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RE: Thought Crime


RE: Thought Crime
by k at 5:18 pm EST, Dec 7, 2007

Decius wrote:
I think the problem here is structural.

Well, yeah, as I tried to note, I basically agree. Congress doesn't work as well as I'd like it to, and I'm somewhat surprised that it even works as well as it does given how much a) stupidity, b) corruption and c) self-interest is involved.

The real problem is that this same issue keeps coming up over and over again, and Congress keeps selecting these cost free solutions, and keeps ignoring the objections.

True... it's election season and it's time to be "Protecting the children" or "Working for freedom" or whatever, so we get silly nonsense bills designed more to make voters feel a warm fuzzy than actually accomplish anything. And I agree that IP has been following the same trend (albeit for money rather than votes... not that they're not linked)... the PRO-IP bill I memed is a fat load of shite for that reason.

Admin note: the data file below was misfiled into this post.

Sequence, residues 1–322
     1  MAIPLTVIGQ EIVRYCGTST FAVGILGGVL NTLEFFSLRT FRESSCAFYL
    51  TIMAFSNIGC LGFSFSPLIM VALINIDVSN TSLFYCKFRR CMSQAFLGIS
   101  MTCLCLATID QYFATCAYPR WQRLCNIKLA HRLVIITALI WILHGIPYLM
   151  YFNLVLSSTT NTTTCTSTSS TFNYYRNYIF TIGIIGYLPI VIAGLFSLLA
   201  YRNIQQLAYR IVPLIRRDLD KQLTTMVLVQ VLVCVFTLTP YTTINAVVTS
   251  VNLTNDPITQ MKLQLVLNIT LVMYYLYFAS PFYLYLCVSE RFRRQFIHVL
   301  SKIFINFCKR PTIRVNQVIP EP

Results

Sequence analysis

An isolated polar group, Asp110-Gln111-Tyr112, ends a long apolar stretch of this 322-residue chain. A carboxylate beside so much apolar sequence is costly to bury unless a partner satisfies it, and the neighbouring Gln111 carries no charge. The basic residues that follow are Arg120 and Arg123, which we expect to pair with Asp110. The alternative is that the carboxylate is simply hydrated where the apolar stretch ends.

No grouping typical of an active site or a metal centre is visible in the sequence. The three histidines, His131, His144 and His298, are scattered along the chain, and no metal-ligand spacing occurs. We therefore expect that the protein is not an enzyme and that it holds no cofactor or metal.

I'm not sure what its going to take to break these cycles. I thought the internet might help... might help people focus on other things than the fear the mass media constantly seeks to breed... I'm not sure anymore...

I'm not either... the futurist/technophile in me wants to believe in direct democracy, that we're approaching the technological capability to make that possible for everyone, and reasonable. Whether it's possible in fact, well, that's complicated, of course. For one thing, the effects of money would be at least as relevant, since votes would become even more about marketing. But I can't shake the fact that we're asked for too much compromise in selecting our voices, and that affecting that voice is only possible en masse (either a large quantity of humans or of dollars), and only sometimes even then. I'm not enough of a scholar governmental theory to assess all of it, or to conjure a lot of other alternatives and work through thought experiments, so it's not that productive maybe.

Still, I agree with you that the fundamental situation here is broken. Maybe this is a growing pain, or just a bad stretch, and things will equalize again. As I've argued, I think the media (specifically the emphasis on shareholder return on investment in media companies) is a large part of the problem, because it de-emphasizes hard truth over attention grabbing or entertaining "content".

Maybe the internet will help eventually. It's still young too. For all the bullshit, it's a pretty exciting time to be considering possibilities.


RE: Thought Crime

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